*Appendix. 2 questions come up- does it work vegetarian? And do I really have to leave it overnight? I made it the other day w. spinach and ricotta- and that worked. Instead of overnight, I let it sit in the fridge (at least 1 hour) and w saran wrap and a heavy object like a book or boxes of sugar on top. Not quite as good as overnight- but in a bind, it works
This is a Doris Greenspan recipe. I bought her cookbook this summer and paging through it, this recipe didn’t really jump out to me. But Melissa brought these to Techluck (BM tech dept’s weekly vegetarian potluck), and I was impressed. I am usually not into chocolate cookies—but these don’t really taste like it. They taste more like shortbread- with melty chocolate bits in it. Check out my new section- Just the Tips– for tips on shaping the dough into logs. Doris uses a paper towel roll to help the log keep its shape in the fridge. If I was just refrigerating it- I would have followed Melissa’s lead- and instead of using this method, just flatten all sides and make square cookies. But because I was freezing the dough- I used the paper towel roll method. It was actually very easy because dough so crumbly and dry. This was my first time freezing dough, and I wasn’t sure how it would compare– but it worked like a charm.
1-1/4 cup flour
1/3 cup unsweetened cocoa powder
1/2 tsp baking soda
1 stick plus 3 tablespoons unsalted butter (11 tablespoons), softened
2/3 cup packed light brown sugar
1/4 cup sugar
1/2 tsp fleur de sel, or 1/4 tsp fine sea salt
1 tsp vanilla extract
5 oz bittersweet chocolate, chopped or 3/4 cup mini choc chips
Sift flour, cocoa and baking soda together.
Working w. a mixer, beat butter on medium until soft and creamy. Add both sugars, the salt and vanilla extract and beat for 2 minutes more.
Pour in flour mixture. Can cover w. a kitchen towel so the flour doesn’t fly. Pulse mixer at low speed about 5 times, a second or two each time. Look at it—still lots of flour pulse a couple more times; if not, remove the towel. Continuing at low speed, mix for about 30 seconds more, just until the flour disappears into the dough — try to work dough as little as possible once the flour is added. It’s ok if dough is crumbly. Toss in the chocolate pieces and mix only to incorporate.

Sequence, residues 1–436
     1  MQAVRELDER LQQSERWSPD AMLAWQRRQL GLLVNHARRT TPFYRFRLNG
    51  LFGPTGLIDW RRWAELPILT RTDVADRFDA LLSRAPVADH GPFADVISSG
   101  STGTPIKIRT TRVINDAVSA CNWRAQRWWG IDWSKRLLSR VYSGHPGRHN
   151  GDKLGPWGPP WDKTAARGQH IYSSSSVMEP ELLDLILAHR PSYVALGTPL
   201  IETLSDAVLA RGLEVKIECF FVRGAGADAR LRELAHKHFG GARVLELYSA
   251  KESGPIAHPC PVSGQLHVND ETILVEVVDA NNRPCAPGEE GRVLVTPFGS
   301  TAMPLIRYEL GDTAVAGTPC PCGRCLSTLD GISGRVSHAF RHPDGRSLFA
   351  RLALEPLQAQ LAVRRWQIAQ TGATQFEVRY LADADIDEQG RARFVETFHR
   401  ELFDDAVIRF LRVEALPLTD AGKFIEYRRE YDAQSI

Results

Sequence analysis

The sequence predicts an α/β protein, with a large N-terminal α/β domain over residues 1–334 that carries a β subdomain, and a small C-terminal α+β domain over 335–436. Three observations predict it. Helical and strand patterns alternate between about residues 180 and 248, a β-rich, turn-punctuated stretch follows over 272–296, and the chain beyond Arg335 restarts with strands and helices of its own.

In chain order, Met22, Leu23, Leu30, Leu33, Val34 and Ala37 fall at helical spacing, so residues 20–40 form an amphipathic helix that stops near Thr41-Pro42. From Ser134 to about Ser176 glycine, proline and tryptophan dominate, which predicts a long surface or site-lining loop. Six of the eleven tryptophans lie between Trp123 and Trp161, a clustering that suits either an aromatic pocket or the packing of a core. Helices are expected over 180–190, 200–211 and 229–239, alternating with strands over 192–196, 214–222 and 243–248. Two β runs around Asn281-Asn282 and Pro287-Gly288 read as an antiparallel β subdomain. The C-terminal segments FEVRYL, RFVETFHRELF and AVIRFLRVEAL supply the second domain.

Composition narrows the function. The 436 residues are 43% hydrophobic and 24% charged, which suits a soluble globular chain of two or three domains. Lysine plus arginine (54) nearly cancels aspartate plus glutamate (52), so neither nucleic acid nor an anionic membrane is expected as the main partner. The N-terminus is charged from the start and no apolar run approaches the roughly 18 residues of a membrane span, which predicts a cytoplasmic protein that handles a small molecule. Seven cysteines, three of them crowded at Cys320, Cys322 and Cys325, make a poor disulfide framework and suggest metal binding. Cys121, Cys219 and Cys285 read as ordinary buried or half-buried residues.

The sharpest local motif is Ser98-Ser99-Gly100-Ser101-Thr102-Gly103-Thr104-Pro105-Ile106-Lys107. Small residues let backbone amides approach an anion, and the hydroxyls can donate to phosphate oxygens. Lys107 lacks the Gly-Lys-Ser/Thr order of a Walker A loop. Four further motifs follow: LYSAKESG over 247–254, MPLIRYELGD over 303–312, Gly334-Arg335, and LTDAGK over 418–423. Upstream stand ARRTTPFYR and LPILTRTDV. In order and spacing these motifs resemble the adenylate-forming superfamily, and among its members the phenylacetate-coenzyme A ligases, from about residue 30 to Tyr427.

Turn the dough out onto a work surface, gather it together and divide it in half. Working with one half at a time, shape the dough into logs that are 1 1/2 inches in diameter. (Check out new section- Just the Tips– for tips on this. I didn’t divide in half- just rolled it all in one paper towel roll.) Working with one half at a time, shape the dough into logs that are 1 1/2 inches in diameter. Wrap the logs in plastic wrap and refrigerate them for at least 3 hours. (The dough can be refrigerated for up to 3 days or frozen for up to 2 months. If you’ve frozen the dough, you needn’t defrost it before baking — just slice the logs into cookies and bake the cookies 1 minute longer.)
Getting ready to bake: Center a rack in the oven and preheat the oven to 325° Line two baking sheets with parchment or silicone mats (i fit mine all one way baking sheet- something i consider a major bonus). Working with a sharp thin knife, slice the logs into rounds that are 1/2 inch thick. (The rounds are likely to crack as you’re cutting them — don’t be concerned, just squeeze the bits back onto each cookie.) Arrange the rounds on the baking sheets, leaving about one inch between them. Bake the cookies one sheet at a time for 12 minutes — they won’t look done, nor will they be firm, but that’s just the way they should be. Transfer the baking sheet to a cooling rack and let the cookies rest until they are only just warm, at which point you can serve them or let them reach room temperature.